Thanks to Conley's breakaway speed (he is, after all, the son of an Olympic gold-medalist in track-and-field), Ohio State finished with a 14-4 advantage in fastbreak points. And although Oden lost the individual battle with Hibbert -- Big Roy had 19 points, and 11 in the second half -- the bearded Buckeye did eventually leave his mark on the game.
Hibbert went out with his fourth foul, a silly hold of Othello Hunter on a long rebound, with 8:50 left in the second half and the game tied at 44-44. Georgetown appeared to be launching into one of its patented, second-half runs, and the Buckeyes needed a counter-punch. Oden provided two brutal blows. He subbed in as Hibbert shuffled toward the Hoyas bench, and scored over Green in the paint 21 seconds later. At the 6:37 mark Oden erupted: He took off from a step inside the free-throw line and seemingly raised the ball up to top-of-backboard height before trying to dunk it over Green. The two players collided, the ball went off the back rim, and they both collapsed to the floor. Green was whistled for a block. While Oden only made one of his free throws, it was a statement play that riled the crowd and deflated the Hoyas, who never got closer than four for the rest of the night.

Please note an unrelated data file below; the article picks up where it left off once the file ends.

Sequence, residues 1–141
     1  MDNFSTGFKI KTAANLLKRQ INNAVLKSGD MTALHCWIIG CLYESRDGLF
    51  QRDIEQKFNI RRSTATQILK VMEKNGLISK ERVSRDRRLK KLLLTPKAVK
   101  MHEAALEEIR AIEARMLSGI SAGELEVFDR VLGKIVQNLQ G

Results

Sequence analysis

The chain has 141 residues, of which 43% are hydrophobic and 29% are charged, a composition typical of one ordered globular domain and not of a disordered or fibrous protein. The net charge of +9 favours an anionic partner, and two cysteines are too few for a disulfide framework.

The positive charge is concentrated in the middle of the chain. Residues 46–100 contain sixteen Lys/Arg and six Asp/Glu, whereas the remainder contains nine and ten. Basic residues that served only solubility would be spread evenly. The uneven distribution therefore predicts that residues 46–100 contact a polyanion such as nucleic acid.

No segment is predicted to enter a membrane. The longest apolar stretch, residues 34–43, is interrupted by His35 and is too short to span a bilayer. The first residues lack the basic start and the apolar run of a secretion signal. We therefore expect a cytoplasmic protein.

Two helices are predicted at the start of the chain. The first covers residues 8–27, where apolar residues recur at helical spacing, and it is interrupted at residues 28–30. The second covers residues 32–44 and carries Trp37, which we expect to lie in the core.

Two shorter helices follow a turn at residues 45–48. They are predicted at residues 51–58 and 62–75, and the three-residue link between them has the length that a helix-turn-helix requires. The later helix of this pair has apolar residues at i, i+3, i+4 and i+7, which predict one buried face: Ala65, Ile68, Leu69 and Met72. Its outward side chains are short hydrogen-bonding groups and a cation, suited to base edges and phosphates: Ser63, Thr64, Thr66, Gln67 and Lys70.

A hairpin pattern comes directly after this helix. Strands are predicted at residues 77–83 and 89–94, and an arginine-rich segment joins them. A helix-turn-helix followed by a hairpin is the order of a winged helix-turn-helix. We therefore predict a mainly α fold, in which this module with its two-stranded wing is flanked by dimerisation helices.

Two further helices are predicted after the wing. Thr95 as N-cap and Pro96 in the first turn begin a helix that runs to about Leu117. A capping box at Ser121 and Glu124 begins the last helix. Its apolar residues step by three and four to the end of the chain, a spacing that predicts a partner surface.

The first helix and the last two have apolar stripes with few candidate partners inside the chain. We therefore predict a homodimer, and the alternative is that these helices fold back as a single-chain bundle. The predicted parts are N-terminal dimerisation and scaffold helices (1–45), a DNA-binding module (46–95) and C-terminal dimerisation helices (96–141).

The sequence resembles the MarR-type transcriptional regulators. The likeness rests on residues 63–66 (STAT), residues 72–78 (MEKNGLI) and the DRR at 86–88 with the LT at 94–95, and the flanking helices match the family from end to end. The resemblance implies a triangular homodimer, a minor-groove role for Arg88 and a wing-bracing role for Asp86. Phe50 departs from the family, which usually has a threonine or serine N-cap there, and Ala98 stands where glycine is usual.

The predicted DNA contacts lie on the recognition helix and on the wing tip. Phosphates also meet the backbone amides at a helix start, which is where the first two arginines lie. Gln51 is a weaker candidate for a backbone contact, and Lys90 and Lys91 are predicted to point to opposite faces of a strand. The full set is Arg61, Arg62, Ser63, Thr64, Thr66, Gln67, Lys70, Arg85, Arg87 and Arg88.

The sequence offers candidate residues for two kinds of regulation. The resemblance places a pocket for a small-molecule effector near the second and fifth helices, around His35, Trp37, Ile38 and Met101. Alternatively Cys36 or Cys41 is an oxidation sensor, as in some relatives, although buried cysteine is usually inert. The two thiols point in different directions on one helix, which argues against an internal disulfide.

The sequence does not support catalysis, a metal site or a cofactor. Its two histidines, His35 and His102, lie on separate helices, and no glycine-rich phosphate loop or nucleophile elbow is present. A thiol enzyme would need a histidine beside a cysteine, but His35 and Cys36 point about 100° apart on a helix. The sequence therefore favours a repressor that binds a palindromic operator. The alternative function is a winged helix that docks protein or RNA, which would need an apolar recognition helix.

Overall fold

In the locker room afterwards, where Oden was cracking rare smiles and freely offering up his Matta memories, he had only one lament. "If I would have made that dunk," Oden said with genuine disappointment, "it would have been on the One Shining Moment tape."
Still 40 more minutes to audition for Luther Vandross' music video, Greg. If it plays out just like Matta envisioned two years ago in central Indiana, both you and your point guard will be among the final, indelible images -- and it won't seem the least bit crazy.